Mother has no physical contact for 3 years – then what?
The Family Court recently considered a situation where the mother had chosen not to spend any physical time with her children aged 8 and 6 years, for over 3 years. The mother had been having regular Skype calls with the children, and the family report writer gave evidence that the children had a strong relationship with the mother.
The proceedings initially came to the attention of the court in 2014, when the father filed an application after the mother removed the children to another town without the father’s consent.
During the initial court proceedings, the mother alleged the father had attempted to poison her and had assaulted one of the children, although there was no evidence to support the allegations. The maternal grandmother supported the mother’s views.
A psychiatrist was engaged to complete an assessment of the mother and the father in 2014. The assessment of the mother was that the mother was showing overtly psychotic behaviour, paranoia, delusions and the children were at risk in the mother’s care.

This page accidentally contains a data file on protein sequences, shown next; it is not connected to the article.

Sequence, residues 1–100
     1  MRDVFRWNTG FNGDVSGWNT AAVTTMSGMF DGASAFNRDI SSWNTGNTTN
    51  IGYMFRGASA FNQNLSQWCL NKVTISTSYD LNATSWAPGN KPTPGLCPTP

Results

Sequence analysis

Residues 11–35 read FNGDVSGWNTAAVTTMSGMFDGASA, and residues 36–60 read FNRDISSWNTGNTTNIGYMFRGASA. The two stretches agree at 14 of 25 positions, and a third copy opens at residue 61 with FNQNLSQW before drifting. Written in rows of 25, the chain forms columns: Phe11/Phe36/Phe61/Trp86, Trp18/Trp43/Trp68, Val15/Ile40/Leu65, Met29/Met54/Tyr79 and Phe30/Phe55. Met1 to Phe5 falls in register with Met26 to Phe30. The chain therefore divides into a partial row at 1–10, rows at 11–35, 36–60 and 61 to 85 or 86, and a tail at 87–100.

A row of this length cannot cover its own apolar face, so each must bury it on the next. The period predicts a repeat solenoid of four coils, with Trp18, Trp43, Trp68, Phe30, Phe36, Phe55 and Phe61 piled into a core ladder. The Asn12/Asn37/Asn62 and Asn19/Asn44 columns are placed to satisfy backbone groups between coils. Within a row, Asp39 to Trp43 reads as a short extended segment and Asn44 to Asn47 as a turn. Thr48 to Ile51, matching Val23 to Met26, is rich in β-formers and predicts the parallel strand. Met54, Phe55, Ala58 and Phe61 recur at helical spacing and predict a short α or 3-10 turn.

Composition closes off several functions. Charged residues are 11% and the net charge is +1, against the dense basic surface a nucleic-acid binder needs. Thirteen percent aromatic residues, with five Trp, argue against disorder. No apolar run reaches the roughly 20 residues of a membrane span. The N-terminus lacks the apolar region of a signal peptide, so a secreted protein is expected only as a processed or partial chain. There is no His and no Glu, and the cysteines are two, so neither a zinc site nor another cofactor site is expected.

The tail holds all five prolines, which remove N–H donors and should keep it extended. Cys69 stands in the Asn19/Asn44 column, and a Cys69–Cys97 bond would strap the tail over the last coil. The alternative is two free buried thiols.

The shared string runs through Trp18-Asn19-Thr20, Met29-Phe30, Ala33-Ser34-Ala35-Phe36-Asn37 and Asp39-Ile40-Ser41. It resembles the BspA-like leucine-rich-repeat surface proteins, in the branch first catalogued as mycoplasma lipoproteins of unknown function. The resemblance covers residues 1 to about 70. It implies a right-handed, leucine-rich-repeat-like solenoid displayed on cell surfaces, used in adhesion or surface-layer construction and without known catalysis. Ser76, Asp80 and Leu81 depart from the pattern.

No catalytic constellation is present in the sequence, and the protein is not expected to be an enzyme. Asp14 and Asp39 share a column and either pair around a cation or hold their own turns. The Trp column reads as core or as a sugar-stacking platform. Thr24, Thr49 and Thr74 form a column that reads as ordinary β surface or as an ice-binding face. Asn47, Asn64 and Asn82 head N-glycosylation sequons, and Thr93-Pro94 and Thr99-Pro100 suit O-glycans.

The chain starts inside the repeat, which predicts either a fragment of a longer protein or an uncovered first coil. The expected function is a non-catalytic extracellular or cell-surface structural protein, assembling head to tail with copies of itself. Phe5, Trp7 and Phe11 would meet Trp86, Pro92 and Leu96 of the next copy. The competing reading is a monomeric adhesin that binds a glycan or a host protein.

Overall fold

Following the assessment, the court made orders for the children to live with the father, and for the children to have supervised time with the mother. During a planned supervised visit in late 2015, the mother and maternal grandmother removed the children, despite orders to the contrary.
Between late 2015 and the matter proceeding to trial in August 2019, the mother had maintained skype contact with the children but did not have any physical visits in that period.
At hearing, the court considered the mother’s behaviour in maintaining the phone contact with the children, the fact she had been able to develop a strong relationship despite the lack of contact and the children’s desire to progress their relationship with the mother.
The mother had also sought ongoing psychological treatment, and the evidence from her psychologist was that she was managing her anxiety and was free of delusional symptoms.
In those circumstances, the court made orders for the children to live with the father and spend a period of supervised time with the mother, following which the mother’s time would gradually increase to unsupervised, until the children were spending time with the mother for 6 nights each fortnight.
Given the history of the relationship between the parents, the court gave the father sole parental responsibility for making long term decisions for the children, after consultation with the mother.
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